Halo Infinite Just Got Way Less Annoying

Halo Infinite’s multiplayer is a damn chatty game. With voice lines regularly erupting from the series’ legendary announcer, the dueling Spartans themselves, and the series’ new personal AIs, voices come at you as often as bullets and grenades. Now, thanks to a new update (that also packs a new map!), you can finally silence one of those sources of sound.

Burdened with the task of reinvigorating a series over 20 years old without straying too far from its roots, Halo Infinite tries a number of twists to the old arena shooter formula. Personal AIs as side announcers are one of them. While these “mini announcers,” of which you could choose from several (including at least one character from Halo 3: ODST), does occasionally grant helpful info like letting you know when you’re running low on ammo, or if you pick up a grenade and don’t realize it (saving you the a glance at your HUD to focus on the game), they also regularly quip about the gun you were carrying or how you kill someone in over-the-top, unhelpful, and distracting ways.

And, as many Halo Infinite players can attest, there was (and possibly still is) a frequent bug where the game defaults to the “Butler” AI character seemingly at random, canceling out whatever AI you select. So even if you didn’t mind their chattiness or found some of the quips useful, it often wouldn’t work as intended to begin with (the game would often do this with the voice type as well, spontaneously detransitioning my Spartan to sound like a dudebro when I distinctly chose otherwise).

How to turn off Halo Infinite’s personal AI

The new Halo Infinite update tucks a “Personal AI Dialogue Toggle” into the settings menu, as listed as the third item on apost from the Halo Support account.

But that’s not all from this update.

Halo Infinite gets a new map, water physics, and camera improvements

As stated in the post above, Halo Infinite is also getting a Reach-inspired Arena map called Dredge. There’s a specific playlist now dedicated solely to this map for some 2010-era Halo feels.

Players can now also rotate the camera around a player they’re spectating when they’re in a respawn time out. Previously the camera was locked behind whoever you were spectating.

And for Forge maps, you can now add in a “Reactive Water Plane” that ripples and reacts to collisions from players, vehicles, and, of course bullets, among a few other bug fixes and menu tweaks.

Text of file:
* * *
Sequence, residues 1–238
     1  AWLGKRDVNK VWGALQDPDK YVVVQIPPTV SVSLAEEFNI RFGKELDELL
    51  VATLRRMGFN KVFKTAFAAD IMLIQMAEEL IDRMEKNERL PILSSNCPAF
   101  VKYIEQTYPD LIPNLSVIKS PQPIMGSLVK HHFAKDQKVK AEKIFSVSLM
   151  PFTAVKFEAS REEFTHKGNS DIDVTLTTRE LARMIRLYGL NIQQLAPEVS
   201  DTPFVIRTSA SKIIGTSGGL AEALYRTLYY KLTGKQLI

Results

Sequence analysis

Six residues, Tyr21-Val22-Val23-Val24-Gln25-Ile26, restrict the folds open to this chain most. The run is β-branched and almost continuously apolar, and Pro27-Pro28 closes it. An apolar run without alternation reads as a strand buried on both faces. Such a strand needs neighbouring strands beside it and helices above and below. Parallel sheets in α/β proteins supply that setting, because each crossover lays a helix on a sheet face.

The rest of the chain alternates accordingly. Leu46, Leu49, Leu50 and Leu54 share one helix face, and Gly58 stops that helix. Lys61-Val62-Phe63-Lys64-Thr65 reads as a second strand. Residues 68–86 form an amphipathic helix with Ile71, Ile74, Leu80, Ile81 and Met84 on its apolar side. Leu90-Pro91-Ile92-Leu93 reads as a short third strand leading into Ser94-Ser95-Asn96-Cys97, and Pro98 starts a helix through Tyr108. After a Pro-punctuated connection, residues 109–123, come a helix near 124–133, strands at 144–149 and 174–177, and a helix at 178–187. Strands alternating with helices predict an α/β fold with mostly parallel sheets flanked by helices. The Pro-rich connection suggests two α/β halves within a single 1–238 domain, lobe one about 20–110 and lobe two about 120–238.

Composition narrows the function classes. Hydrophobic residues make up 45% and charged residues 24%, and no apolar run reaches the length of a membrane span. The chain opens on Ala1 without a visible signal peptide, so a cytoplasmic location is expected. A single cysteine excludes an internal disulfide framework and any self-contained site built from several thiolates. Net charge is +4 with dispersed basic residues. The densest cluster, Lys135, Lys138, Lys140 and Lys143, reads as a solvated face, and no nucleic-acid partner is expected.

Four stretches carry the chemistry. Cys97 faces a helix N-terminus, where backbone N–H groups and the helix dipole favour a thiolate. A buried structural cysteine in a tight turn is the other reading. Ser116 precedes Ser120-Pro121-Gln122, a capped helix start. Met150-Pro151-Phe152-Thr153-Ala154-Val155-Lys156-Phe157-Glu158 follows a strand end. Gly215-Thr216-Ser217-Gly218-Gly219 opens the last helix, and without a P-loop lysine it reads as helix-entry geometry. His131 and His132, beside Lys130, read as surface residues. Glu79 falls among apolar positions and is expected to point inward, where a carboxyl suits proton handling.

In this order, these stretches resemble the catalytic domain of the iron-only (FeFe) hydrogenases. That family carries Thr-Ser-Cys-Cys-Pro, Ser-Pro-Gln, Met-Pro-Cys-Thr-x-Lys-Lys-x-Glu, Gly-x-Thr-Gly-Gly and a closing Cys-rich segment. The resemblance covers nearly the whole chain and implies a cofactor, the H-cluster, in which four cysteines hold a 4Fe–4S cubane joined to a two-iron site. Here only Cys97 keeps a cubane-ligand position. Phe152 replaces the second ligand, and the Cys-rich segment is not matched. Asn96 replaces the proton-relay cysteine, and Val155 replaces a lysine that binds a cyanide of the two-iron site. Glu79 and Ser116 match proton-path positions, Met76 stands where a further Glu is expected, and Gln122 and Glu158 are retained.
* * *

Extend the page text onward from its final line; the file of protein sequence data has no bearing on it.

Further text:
But while it is great folks can now mute those AIs, I do bemoan how much of a missed opportunity they were. I happen to appreciate it when the AI lets me know I’m running out of ammo while I’m still in a mental frenzy from my last brush with death…I just don’t need the whole “kaboom!” and “nothing like a three-round burst!” and “such a reliable weapon” or “your accuracy has improved” without any actual stat behind it.

Like A Dragon Infinite Wealth Has An Animal Crossing Game Mode

A Like A Dragon: Infinite Wealth screenshot shows Ichiban playing the guitar.

Pay no mind to the horrifying mascots in the background.
Screenshot: Sega / Kotaku

During today’s Xbox Partner Preview, a showcase for Microsoft’s upcoming third-party games, we got a new look at Sega’s next Yakuza adventure. No, not Gaiden, the other one: Like a Dragon: Infinite Wealth. Instead of showing off dual protagonists Ichiban Kasuga and Kiryu Kazuma kicking all kinds of street punk ass across Hawaii, today’s trailer pumped the brakes and gave us a peek at its madcap new Animal Crossing-inspired game mode.

Infinite Wealth’s new Happy Resort Dondoko Island mode will have you managing your own island resort. Like Nintendo’s cozy 2020 life simulator Animal Crossing: New Horizons, you can go fishing on the beach, customize the island’s buildings and furniture, and have Ichiban craft special DIY projects. The similarities between Dondoko Island and AC:NH don’t end there. DonDonki Island will also let you forge friendships with the island getaway’s many outlandishly dressed tourists while you manage the island’s influx of funds and infrastructure just like Animal Crossing’s Tom Nook.

Here’s the trailer:


Dondoko Island may provide Ichiban and company some much-needed reprieve from the melodrama of his crime-riddled life, but that doesn’t mean you won’t have to sock a couple of uninvited guests along the way—this is a Yakuza game after all. Along with making sure everyone is having a good time on the island, you’ll also have to defend it from intruders.

This isn’t the first time the Yakuza series has turned a Nintendo game like AC:NH into its own game mode. In fact, Yakuza: Like a Dragon had Mario Kart-esque and Pokémon-inspired stints in the form of Dragon Kart Racing and Sujimon, respectively. Aside from providing players with a fun alternative to punching fools, these minigames were also a great way to earn a bunch of cash to purchase health items and upgrades for the main campaign’s challenging boss fights.

A Like A Dragon: Infinite Wealth screenshot shows Ichiban showing off a chair he built.

Screenshot: Sega / Kotaku

But not everything is about the money. Sometimes you just need to sit back, grab a guitar, and sing karaoke in front of a roaring bonfire. Catch a vibe, if you will. I can already see myself ignoring Infinite Wealth’s main quest to sink countless hours into perfecting my island fortress. Speaking as a longtime Yakuza enjoyer, January can’t come soon enough.

Like a Dragon: Infinite Wealth launches on January 26 for PlayStation 5, PlayStation 4, Xbox Series X/S, Xbox One, and Windows.


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